Treasure Hunting in Blanket Gully Road

Ochre was the most important painting material used traditionally by Aboriginal people. It is mined from particular sites and is a crumbly to hard rock heavily coloured by iron oxide. The source material was traded extensively across Australia in the past, with some material traveling many hundreds or even thousands of kilometres from where it was mined to where it was used. It comes in a variety of colours from pale yellow to dark reddish-brown.

Follow Blanket Gully Road until it comes to a T intersection and you enter a very different world from the new housing estate, on the outskirts of Campbells Creek, that you pass to get here. This is a corner of the world full of stones, ochres and pigments. It is not the ideal place for the dog or the little people but it is a surreal landscape full of treasure for the artist.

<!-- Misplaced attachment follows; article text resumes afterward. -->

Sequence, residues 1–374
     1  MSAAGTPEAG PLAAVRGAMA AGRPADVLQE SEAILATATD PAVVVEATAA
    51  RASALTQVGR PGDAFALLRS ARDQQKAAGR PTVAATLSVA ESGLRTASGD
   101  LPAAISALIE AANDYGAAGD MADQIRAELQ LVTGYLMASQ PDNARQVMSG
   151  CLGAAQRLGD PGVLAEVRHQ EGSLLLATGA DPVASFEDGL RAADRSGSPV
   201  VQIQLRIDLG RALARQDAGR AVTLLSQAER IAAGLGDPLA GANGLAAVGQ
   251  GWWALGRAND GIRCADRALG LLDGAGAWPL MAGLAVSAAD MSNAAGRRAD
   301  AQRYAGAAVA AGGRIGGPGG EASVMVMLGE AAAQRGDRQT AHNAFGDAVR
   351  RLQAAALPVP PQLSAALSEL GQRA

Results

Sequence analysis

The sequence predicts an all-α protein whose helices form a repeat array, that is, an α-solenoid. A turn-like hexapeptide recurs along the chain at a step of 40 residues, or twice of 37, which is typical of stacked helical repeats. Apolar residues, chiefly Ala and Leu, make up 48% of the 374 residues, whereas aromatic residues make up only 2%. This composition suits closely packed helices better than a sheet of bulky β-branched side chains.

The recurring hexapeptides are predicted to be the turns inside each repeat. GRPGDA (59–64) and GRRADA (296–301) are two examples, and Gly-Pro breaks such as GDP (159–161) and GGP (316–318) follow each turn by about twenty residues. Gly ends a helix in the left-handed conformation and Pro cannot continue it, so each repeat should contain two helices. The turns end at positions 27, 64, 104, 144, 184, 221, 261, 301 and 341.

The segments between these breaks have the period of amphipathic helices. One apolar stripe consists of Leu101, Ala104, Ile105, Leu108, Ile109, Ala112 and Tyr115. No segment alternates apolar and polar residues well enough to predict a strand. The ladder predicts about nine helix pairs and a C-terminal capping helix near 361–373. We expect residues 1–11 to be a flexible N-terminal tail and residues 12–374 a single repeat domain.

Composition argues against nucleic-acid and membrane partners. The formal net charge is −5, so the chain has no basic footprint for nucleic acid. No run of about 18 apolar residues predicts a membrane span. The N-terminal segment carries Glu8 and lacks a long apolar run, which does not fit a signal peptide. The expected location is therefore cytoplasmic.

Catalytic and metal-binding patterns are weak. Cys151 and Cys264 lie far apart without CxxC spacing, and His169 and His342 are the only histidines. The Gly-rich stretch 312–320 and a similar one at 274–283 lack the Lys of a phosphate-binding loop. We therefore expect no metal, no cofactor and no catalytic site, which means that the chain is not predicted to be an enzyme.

Nature’s Rock Art

In ancient India lived a sculptor renowned for his life-sized statues of elephants. With trunks curled high, tusks thrust forward, thick legs trampling the earth, these carved beasts seemed to trumpet the sky. One day, a king came to see these magnificent works and to commission statuary for his palace. Struck with wonder, he asked the sculptor, “What is the secret of your artistry?”
Eknath Easwaran

The sculptor upon taking measure of the monarch explained the process. Nature is yet to reveal the secret of its artistry. Perhaps she will reveal it to you if you talk to one of these stone people!

While Waiting for Godot promotes contemplative practices. Take the time to check out Contemplative Practices and the Tree of Contemplative Practices for inspiration.